Saturday, April 17, 2010

Jamie Bernstein to present "The Bernstein Beat" with Keweenaw Symphony Apr. 17 at Rozsa

HOUGHTON -- Bring the entire family along on the marvelous musical journey of Jamie Bernstein’s "The Bernstein Beat," together with conductor Joel Neves and the Keweenaw Symphony Orchestra at 7:30 p.m. TONIGHT, Saturday, April 17, at the Rozsa Center.*

Jamie Bernstein, daughter of conductor and composer Leonard Bernstein, will present her father's music at a concert with the Keweenaw Symphony Orchestra Saturday, Apr. 17, at the Rozsa Center. (Photo courtesy Michigan Tech University)

This fun-filled family adventure explores the music of Jamie’s father, conductor and composer Leonard Bernstein, one of the most beloved and influential Americans in 20th-century culture. Jamie’s desire to help the next generation discover how "cool" her father was is evident in her wonderfully contagious enthusiasm and effortless ability to completely captivate a young audience.

The concert is based on the format of Leonard Bernstein’s groundbreaking televised "Young People’s Concerts," introducing kids to his irresistible music, including selections from his Broadway shows "On the Town" and "West Side Story." Jamie reveals the secret of understanding the complex rhythms in her father’s music: break 'em down into "hot dogs and hamburgers!"

Audience volunteers help Jamie onstage and during one piece, everyone gets to shout "MAMBO!!" at the top of their lungs!

Assisting Ms. Bernstein in this delightful musical endeavor is conductor Joel Neves, assistant professor of music and director of orchestras at Michigan Tech University, and director of the Keweenaw Symphony Orchestra.

Conductor Joel Neves, assistant professor of music and director of orchestras at Michigan Tech University, and director of the Keweenaw Symphony Orchestra. (Photo courtesy Michigan Tech University)

As a narrator, writer and broadcaster, Jamie Bernstein has transformed a lifetime of loving music into a career of sharing this passion with others. As a concert narrator, she has appeared with symphonies around the world, performing her acclaimed family and adult concert programs and narrating such concert standards as Walton’s "Facade" and Leonard Bernstein’s Symphony No. 3, "Kaddish." Her much-lauded concert series has earned rave reviews from around the country.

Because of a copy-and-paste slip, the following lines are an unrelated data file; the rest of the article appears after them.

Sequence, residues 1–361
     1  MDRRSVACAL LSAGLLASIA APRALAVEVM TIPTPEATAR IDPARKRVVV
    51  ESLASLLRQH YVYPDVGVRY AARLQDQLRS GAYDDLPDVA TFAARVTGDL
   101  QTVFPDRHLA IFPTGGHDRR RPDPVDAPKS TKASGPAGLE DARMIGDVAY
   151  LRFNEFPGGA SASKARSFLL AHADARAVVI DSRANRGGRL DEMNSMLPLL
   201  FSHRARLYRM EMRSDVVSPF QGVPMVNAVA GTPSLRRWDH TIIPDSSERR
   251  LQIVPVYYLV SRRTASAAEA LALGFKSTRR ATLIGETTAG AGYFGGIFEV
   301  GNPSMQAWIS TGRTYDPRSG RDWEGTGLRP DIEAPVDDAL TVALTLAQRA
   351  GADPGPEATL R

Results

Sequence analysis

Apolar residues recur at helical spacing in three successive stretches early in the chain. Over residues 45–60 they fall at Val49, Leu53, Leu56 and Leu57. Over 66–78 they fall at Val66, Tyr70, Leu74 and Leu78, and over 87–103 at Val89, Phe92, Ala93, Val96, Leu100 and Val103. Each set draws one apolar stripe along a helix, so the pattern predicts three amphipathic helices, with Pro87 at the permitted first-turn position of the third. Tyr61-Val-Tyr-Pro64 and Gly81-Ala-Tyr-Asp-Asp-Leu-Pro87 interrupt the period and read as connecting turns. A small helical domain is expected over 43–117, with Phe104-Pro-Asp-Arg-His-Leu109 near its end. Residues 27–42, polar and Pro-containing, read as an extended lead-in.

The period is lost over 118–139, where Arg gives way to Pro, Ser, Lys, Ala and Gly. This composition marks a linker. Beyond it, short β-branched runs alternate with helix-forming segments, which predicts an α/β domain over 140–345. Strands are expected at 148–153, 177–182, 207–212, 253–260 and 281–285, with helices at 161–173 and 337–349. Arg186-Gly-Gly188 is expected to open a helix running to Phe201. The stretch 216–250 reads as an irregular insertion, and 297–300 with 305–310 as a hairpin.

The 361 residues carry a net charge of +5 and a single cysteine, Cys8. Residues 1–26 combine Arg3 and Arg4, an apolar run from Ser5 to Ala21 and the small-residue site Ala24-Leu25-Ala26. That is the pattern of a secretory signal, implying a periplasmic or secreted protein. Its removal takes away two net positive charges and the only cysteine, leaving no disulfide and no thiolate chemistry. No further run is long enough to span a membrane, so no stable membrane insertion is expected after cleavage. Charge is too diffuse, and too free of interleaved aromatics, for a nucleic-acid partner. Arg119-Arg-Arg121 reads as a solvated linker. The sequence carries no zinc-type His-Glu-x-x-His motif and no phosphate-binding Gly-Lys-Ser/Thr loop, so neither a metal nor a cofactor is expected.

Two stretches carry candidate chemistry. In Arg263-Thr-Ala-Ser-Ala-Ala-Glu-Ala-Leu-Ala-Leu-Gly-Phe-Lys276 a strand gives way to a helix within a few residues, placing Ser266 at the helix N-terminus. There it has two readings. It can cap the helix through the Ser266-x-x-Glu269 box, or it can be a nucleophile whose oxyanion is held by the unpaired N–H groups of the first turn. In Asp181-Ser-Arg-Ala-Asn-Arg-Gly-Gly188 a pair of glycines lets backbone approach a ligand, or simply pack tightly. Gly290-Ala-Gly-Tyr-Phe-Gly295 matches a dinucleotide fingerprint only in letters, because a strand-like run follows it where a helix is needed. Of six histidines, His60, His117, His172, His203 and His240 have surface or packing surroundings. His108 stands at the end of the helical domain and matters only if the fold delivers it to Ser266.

For a glorious evening of music-making and pure family fun, join Jamie Bernstein, Joel Neves and the Keweenaw Symphony Orchestra at 7:30 p.m. TONIGHT, Saturday, April 17. After all, when was the last time you were allowed to yell "MAMBO!" in a crowded theater?

For more information on Jamie Bernstein, visit her blog at www.j-beat.blogspot.com.

This event is sponsored by the Katherine M. Bosch Endowment, the Department of Visual and Performing Arts, and Minnesota Public Radio (WGGL).

Ticket prices: General Public, $20 and $15; 18 and under, $15 and $10; Students, free (MTU student ID required). To purchase tickets contact the Rozsa Box Office at 487-3200, The Central Ticket Office (SDC) at 487-2073, Tech Express (MUB) at 487-3308 or go online at tickets.mtu.edu. No refunds, exchanges, or late seating, please.

*Editor's Note: As of early afternoon today, Apr. 17, the Central Ticket Office reports seats are still available and tickets can be purchased at the door.

Thursday, April 15, 2010

CCGAP to hold fund-raising party for Guatemala human rights work April 16

HOUGHTON -- A fund-raising party for the Copper Country Guatemala Accompaniment Project (CCGAP) will be held at 7:30 p.m. on Friday, April 16, at the Michigan Tech Forestry Building. The Uptown Swingsters will be playing for eating and dancing.